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Britain’s democratic disillusionment

Britain’s democratic disillusionment

Twelve years since the Conservatives took power and six since the EU referendum, voters are dissatisfied with their representatives, divided by demography and distrustful of a system that seems stacked against them.

Three years ago, Tortoise launched an investigation that we called The Rules.

Out of the mayhem Brexit caused in Parliament, among other things, our starting position was that democracy wasn’t working. 

And as part of the investigation, we commissioned a large-scale opinion poll to get a deeper sense of the British electorate’s mood. It had 10,000 respondents, that’s ten times the normal number in polls you see reported in the press and we also commissioned two focus groups, all conducted by DeltaPoll in April. 

Peter Kellner, a pollster and political commentator, is the mastermind behind it. Here he is speaking to Tortoise.

“What we were looking for was a sense as to whether voters out there think our democratic system is working or not working.

When I say democratic system, I don’t mean this government, this prime minister. I don’t mean Ukraine or inflation. Something much more fundamental about whether the architecture of British democracy is holding up or do people think it’s crumbling. And I have to say I was surprised and disappointed at how critical so many voters are of the basis of our democratic institutions.”

Peter Kellner, pollster and political commentator

Twelve years since the Conservatives took power and six since the EU referendum, it’s clear voters are dissatisfied and divided.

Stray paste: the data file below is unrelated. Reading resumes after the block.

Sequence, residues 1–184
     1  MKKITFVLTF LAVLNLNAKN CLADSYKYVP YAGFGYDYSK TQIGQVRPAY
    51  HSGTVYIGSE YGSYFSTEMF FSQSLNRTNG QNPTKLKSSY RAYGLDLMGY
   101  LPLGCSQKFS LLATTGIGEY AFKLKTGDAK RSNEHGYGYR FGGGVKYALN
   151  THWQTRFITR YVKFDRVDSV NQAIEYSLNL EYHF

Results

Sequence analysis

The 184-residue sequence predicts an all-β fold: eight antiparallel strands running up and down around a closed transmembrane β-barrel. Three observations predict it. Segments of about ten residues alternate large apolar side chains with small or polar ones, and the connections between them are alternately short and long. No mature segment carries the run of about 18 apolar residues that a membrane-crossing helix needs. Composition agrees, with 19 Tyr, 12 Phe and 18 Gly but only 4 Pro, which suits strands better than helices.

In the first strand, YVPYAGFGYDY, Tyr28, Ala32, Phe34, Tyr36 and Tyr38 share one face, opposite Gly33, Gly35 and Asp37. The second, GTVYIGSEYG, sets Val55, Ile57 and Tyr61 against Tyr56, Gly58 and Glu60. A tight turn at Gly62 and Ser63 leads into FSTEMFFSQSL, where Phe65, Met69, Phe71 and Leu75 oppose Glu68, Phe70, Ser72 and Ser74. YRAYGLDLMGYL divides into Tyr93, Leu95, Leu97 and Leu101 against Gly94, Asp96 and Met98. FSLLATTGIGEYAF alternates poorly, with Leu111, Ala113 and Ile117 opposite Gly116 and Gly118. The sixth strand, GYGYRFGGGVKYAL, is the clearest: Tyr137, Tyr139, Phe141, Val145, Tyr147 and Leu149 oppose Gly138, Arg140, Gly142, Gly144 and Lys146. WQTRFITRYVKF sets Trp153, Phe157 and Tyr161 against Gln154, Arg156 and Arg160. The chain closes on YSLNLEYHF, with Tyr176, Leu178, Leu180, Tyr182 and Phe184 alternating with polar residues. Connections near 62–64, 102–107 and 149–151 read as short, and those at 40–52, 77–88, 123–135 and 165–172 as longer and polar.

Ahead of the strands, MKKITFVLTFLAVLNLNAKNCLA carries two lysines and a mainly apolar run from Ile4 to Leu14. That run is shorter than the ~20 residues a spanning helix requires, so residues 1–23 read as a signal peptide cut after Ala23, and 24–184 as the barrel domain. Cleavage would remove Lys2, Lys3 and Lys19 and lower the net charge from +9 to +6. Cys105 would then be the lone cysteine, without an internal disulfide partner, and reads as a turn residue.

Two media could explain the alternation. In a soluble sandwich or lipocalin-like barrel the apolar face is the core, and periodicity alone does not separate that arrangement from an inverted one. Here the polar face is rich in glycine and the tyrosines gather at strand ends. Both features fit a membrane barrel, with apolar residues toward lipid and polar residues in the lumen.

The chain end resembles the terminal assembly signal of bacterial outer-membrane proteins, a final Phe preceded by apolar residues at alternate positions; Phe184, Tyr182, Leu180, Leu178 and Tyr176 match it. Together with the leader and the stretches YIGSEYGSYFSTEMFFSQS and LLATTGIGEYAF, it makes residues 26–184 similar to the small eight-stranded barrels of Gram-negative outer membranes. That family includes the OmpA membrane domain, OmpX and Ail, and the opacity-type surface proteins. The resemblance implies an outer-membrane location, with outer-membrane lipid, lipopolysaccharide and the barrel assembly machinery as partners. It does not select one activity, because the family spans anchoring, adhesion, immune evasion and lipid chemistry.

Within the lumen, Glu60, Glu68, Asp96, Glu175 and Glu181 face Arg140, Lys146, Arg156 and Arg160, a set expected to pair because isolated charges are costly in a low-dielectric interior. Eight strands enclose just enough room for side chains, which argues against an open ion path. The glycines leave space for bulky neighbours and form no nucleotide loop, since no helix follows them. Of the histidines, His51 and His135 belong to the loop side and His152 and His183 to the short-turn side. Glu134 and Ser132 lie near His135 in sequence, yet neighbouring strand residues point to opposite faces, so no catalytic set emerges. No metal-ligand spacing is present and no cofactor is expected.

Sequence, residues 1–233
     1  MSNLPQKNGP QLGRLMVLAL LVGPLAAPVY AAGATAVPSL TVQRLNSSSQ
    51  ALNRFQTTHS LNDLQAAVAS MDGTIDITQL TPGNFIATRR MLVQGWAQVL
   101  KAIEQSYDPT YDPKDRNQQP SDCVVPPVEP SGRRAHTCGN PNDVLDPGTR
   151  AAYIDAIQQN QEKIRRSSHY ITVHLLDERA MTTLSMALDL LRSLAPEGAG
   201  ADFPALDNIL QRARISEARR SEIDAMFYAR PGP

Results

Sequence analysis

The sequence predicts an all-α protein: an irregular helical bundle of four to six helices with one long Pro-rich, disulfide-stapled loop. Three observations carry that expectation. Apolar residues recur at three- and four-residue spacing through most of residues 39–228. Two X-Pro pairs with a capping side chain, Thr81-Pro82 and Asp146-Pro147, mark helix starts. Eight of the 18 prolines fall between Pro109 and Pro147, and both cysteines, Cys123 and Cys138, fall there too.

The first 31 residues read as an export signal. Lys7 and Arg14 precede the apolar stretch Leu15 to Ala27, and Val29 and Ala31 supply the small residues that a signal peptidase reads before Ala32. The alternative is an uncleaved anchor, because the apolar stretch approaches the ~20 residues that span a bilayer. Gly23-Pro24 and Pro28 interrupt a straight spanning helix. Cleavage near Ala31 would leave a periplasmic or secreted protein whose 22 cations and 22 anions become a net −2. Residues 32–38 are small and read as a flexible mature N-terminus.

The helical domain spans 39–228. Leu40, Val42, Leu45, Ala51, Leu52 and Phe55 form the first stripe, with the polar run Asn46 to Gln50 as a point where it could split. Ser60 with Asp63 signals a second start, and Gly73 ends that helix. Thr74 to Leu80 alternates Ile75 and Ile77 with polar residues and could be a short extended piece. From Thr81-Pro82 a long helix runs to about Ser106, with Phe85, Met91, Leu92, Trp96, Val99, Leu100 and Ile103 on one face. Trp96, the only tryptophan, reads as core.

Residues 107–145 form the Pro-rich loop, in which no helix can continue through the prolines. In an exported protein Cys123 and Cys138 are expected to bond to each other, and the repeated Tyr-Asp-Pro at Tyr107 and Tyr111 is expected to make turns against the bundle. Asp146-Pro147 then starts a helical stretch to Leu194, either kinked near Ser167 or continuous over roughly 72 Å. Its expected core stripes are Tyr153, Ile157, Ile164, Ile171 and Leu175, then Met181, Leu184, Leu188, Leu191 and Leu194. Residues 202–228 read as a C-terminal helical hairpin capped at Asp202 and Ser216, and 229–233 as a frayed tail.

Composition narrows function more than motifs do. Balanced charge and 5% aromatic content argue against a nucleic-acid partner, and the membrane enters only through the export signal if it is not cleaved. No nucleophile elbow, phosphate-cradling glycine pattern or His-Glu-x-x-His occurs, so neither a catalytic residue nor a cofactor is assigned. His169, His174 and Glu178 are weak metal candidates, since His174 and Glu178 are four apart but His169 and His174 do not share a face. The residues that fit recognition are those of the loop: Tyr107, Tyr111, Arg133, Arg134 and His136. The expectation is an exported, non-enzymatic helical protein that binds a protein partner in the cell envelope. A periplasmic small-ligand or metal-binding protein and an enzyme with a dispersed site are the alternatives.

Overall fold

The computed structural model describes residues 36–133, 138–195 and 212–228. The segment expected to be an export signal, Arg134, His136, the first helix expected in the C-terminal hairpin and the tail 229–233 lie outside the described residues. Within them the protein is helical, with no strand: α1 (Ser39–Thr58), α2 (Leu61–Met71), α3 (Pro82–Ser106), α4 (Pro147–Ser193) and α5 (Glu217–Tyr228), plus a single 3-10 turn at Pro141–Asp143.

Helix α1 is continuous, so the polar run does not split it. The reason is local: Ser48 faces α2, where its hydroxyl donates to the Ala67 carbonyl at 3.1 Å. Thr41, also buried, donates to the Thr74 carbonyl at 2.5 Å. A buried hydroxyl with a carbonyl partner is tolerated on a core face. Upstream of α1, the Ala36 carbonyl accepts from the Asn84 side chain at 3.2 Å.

Tortoise wanted to find out why trust in the system was so low and what might change that.


Peter Kellner’s three main findings all paint a worrying picture.

“When we ask people, “do they think Britain is a democratic society?”, only half the sample think Britain is either very or fairly democratic.”

Peter Kellner, pollster and political commentator

Voters want to see their lives improving as a result of political processes. And a lot feel the current system isn’t delivering. 

Now the thing that’s harder to tell is whether this is a reaction to 14–15 years when for most people there’s not been a rise in living standards, when public services have been under strain, when there hasn’t been what we had… with a few exceptions… pretty steady growth from the 1950s to around 2007, a general secular rise in prosperity, more money being spent on public services, higher take home pay, better jobs and so on.

Peter Kellner, pollster and political commentator

And perhaps unsurprisingly, they blame politicians when they experience a decline in living standards like we’re seeing now.

“The second thing is that they have a very low opinion of MPs.”

Peter Kellner, pollster and political commentator

Revelations about pandemic parties in government, and allegations, sometimes proven, of sexual misconduct by MPs has tarnished their reputation further.